In Norway the most important elements in the road system are the numbered national highways (riksveg), the stretches of motorway or expressway (motorveg) around some of the larger towns and the numbered county or provincial roads (fylkesveg). In the mountains of southern Norway and on the rocky shores of the fjords, the roads are often narrow, winding and poorly guarded. In these areas, a high standard of driving skill, careful observance ofthe rules ofthe road and constant caution are essential. When two vehicles meet, the one going uphill always has priority. Some mountain roads have an alternating one-way system. This region is mainly unsuitable for large vehicles, camper vehicles or caravans. If there has been heavy snow during the winter some sections of mountain roads may not be completely open until June.
In Finland, the numbered main roads are divided into first- and second-class roads (valtatie and kantatie)’, national highways or trunk roads are indicated by numbers on a red background. Around some ofthe larger towns are stretches of motorway or expressway (moottoritie). Some minor roads and roads north ofthe Arctic Circle have surfaces of sand, grit or oil-bound gravel. Most roads, however, are wide enough to permit easy passing. In the north ofthe country, with its long winter, the roads are often not open until the middle of June.
This sign, frequently seen on the roads of the Scandinavian countries, indicates some sight or feature of particular interest.
Driving in Scandinavia. As in the rest of continental Europe, traffic travels on the right, with passing on the left. At junctions and intersections the car coming from the right has priority. In Denmark, Sweden and Finland parking is prohibited on all main roads which are marked as having priority. In Sweden all vehicles must drive with dipped headlights (lowbeams), even in daylight, and in Finland this is also compulsory, from 1 September to 30 April, outside built-up areas. The use of a warning triangle is compulsory in Norway and Denmark. In Norway and Sweden it is recommended that children do not occupy the front seats of vehicles. Visiting motorists are required to carry a spare set of light bulbs in Norway. It is forbidden to carry cans of petrol in your vehicle while driving in Finland. The use ofthe horn should be kept to a minimum in towns. Trams always have priority. Rear fog-lights must not be used. In all the Scandinavian countries seat-belts must be worn and there are severe penalties for driving under the influence of alcohol.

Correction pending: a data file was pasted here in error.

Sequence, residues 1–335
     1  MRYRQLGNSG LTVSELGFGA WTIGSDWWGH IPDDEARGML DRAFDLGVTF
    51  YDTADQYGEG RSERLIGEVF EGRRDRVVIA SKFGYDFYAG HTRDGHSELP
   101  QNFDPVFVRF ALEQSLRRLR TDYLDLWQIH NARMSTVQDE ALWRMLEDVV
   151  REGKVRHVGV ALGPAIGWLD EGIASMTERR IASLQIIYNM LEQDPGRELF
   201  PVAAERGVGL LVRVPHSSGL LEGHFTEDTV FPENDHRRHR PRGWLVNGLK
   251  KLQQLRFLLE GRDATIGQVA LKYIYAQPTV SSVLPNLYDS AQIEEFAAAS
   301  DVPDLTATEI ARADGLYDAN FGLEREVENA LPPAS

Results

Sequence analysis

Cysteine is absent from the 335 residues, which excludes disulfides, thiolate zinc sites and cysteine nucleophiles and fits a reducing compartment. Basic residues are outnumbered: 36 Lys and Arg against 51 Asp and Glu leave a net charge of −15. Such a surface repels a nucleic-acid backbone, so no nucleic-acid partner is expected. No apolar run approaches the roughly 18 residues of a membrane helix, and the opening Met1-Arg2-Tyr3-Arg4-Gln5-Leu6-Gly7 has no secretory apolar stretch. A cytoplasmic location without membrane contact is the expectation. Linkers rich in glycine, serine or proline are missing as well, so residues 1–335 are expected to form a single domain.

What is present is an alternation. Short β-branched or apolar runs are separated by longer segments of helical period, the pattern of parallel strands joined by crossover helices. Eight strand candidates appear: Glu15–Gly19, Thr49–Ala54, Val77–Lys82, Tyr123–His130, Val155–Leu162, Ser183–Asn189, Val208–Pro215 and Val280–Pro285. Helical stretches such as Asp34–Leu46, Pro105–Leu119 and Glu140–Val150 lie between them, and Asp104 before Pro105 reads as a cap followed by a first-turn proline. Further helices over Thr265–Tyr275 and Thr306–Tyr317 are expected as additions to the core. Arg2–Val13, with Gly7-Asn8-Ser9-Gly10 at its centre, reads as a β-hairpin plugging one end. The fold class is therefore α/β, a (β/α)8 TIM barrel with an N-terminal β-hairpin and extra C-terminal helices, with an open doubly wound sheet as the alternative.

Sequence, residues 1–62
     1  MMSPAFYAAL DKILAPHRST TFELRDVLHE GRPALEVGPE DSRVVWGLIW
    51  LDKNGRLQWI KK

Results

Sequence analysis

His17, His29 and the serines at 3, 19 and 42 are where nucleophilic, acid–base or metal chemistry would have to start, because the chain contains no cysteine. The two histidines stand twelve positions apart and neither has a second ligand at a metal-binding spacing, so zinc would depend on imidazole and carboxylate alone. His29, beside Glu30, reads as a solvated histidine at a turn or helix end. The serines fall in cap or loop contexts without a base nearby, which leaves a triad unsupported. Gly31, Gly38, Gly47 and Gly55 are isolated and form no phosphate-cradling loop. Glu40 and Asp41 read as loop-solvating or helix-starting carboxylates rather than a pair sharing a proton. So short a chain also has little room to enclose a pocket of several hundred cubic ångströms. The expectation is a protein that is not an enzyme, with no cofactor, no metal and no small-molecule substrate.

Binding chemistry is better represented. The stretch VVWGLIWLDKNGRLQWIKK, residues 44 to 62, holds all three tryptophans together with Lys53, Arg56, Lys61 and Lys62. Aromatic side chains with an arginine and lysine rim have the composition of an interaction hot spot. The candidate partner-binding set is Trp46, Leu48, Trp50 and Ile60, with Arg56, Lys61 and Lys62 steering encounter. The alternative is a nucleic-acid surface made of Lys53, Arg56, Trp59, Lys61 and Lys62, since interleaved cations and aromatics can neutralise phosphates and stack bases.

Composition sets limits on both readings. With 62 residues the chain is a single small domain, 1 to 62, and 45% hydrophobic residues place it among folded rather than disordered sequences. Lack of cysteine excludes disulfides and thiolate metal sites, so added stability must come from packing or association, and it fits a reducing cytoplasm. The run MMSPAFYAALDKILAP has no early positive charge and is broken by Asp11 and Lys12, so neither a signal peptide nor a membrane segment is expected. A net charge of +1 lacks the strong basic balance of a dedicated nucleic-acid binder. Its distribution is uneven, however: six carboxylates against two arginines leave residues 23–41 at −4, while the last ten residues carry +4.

The usual international traffic signs are in use in all four countries, but there are a number of signs not found elsewhere (e.g. a white M on a blue background to indicate a passing area on a narrow road; or Al Indkgrsel forbudt=No entry). Leaflets illustrating the traffic signs in use can be obtained from the motoring organisations.
Spiked or studded tires may be used in Scandinavia during the winter in Denmark, from 1 October to 30 April, in Norway, from 15 October to 30 April, in Sweden, from 1 October to 30 April and in Finland, from 1 6 October to 15 April in southern and central Finland and 1 Octoberto 30 April in northern Finland.